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05 April 2022
The living of "Al-Karantina"
The devastating Beirut Port explosions caused major traumas across all social groups. This was even more present in the Karantina area, where the explosion also uncovered old traumas, reviving stories of mass deaths from the 1975 to 1990 civil war area, and the compounded crisis. A safe and inclusive platform for people of Karantina has been provided through playback performances, documentation, and work on memorialization to heal the wounds of the explosions and foster social cohesion among Karantina’s different groups. The process was sought to be a recovery journey that focuses on the physiological support for the people of Karantina, including all nationalities, ethnicities, religions, and age groups. More than 547 people were targeted by the playback theater performances, 254 youth were involved in the drama performance sessions, and 71 children were engaged in expressive arts sessions. “It was a chance for a person to speak out his pain. This isn’t our first pain; we’ve seen that before and it had affected us too. We felt that there’s someone who cares about us and is trying his best to understand whatever it is we felt,” said Feryal El Hussein, who actively joined the different sessions. The residents’ stories were collected and transformed into a book and a memory box “The Living of Al Karantina”. This initiative attempts to document and archive the oral history of the area from the Lebanese Civil War to the Beirut Port explosions, stemming from the principles of witnessing and historiography—the two pillars of the peacebuilding process.
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04 April 2022
Bringing vibrant life to schools in Beirut one brushstroke at a time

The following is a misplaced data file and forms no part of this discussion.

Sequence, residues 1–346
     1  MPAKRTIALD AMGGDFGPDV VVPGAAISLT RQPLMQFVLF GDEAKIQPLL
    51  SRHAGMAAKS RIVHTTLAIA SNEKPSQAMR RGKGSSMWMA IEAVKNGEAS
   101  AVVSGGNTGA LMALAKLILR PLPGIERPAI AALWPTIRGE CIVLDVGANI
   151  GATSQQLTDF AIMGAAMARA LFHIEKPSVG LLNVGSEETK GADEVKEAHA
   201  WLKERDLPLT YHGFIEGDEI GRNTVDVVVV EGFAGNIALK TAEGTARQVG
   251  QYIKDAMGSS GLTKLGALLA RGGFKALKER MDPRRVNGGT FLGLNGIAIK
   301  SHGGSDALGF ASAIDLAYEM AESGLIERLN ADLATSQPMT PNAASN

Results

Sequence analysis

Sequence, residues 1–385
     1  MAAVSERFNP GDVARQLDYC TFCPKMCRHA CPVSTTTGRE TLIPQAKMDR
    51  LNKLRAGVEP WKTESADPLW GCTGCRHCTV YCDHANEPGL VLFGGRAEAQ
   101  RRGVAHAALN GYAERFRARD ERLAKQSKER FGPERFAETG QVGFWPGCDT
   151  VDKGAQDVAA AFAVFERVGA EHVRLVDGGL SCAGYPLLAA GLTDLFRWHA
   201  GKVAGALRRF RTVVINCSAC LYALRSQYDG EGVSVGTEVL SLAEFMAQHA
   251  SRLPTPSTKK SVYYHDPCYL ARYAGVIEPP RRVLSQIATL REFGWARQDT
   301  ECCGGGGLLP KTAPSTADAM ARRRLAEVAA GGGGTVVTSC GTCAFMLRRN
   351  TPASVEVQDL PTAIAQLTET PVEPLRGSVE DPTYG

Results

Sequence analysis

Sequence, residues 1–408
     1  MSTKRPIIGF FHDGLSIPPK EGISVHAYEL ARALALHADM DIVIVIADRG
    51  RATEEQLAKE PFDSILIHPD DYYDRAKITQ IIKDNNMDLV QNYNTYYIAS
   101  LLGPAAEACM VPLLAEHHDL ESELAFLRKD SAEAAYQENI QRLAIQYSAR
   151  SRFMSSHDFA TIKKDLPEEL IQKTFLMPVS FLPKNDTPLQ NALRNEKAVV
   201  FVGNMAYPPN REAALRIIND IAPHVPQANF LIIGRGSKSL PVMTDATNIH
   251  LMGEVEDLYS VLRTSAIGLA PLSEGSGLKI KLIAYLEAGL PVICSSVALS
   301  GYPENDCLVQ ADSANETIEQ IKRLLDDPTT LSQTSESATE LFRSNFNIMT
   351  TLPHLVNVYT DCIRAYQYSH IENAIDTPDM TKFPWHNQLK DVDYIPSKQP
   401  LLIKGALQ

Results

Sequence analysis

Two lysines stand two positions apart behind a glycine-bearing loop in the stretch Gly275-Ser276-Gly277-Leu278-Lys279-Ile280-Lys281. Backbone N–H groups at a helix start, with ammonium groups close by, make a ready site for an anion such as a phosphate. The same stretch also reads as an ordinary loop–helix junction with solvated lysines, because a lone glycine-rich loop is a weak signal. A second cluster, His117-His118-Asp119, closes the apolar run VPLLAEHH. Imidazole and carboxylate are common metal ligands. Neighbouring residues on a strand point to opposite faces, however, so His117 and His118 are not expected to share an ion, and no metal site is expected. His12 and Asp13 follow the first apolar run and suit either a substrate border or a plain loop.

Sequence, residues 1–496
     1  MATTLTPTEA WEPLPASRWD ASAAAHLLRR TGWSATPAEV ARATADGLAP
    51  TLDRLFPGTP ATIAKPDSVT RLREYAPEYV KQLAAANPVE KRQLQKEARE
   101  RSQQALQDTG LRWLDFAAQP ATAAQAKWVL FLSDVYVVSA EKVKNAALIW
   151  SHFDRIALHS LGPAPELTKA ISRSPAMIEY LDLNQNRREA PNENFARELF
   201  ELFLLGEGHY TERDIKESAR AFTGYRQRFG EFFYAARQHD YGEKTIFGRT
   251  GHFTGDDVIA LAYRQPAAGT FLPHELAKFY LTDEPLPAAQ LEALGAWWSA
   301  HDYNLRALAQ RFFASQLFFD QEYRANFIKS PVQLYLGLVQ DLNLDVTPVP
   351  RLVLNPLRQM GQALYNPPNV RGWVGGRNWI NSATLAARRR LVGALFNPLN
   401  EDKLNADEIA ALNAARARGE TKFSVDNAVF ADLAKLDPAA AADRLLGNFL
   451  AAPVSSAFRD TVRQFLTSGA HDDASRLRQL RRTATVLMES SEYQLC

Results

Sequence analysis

Children draw their brushes and get ready to add color to a big white wall in the playground. Colors, paint jars, pencils and drawings cover the ground. Children’s voices burst forth with joy; and Marie-Joe Ayoub, a young artist/painter, tries to channel the group’s overflowing energy to complete the mural that is starting to take shape. This activity marks the completion of the rehabilitation work carried out by UNESCO and UN-Habitat in the two schools after the Port explosion on August 4th, 2020, with the support of Education Cannot Wait, which has helped rebuild 40 damaged schools within the framework of UNESCO’s flagship initiative “Li Beirut”. "This mural helps children feel that they have a role to play in the beautification of their school after the Port explosion”, explains Marie-Joe Ayoub. “This allows them to leave their mark in their school. Now, they are a part of it. Today, we need a new active generation to take the initiative. Art is crucial to help children express themselves. It increases their concentration, focus, patience, and serenity, especially amid the pandemic. Children want to get together to work and interact with each other”. To carry out this project, Marie Joe Ayoub has organized brainstorming sessions with the students to teach them about murals. “It is important for them to know that there are jobs out there that need artists and illustrators”, says Marie-Joe. “We started with the history of murals, from caves to American graffiti. More importantly, we talked about why we draw. Murals often carry a message, and I opted for a message centered on education for health and well-being," she added. The children – of different ages – interpreted the theme in their own way, drawing sketches that inspire them, then reproducing them on the large wall, which now sports big words like "Peace" and "Freedom”. “I am drawing food”, says Hani, a child, while decorating the wall in his school. “Food helps our bodies grow. I also drew bad things like cigarettes and candy, to compare”. On her side, Sally is adding the final touches to the wings of a large butterfly. "It symbolizes freedom, and it's colorful", she says. “Just like my school! Years from now, I'll be happy to return to my school and see my drawing, my mark, engraved on the wall..." Li Beirut is an international flagship initiative launched from Beirut by the Director-General of UNESCO, Audrey Azoulay, in the aftermath of the explosions, on August 27, 2020, to support the rehabilitation of schools, historic heritage buildings, museums, galleries and the creative industry, all of which suffered significant damage in the deadly explosions.
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24 November 2021
09 September 2021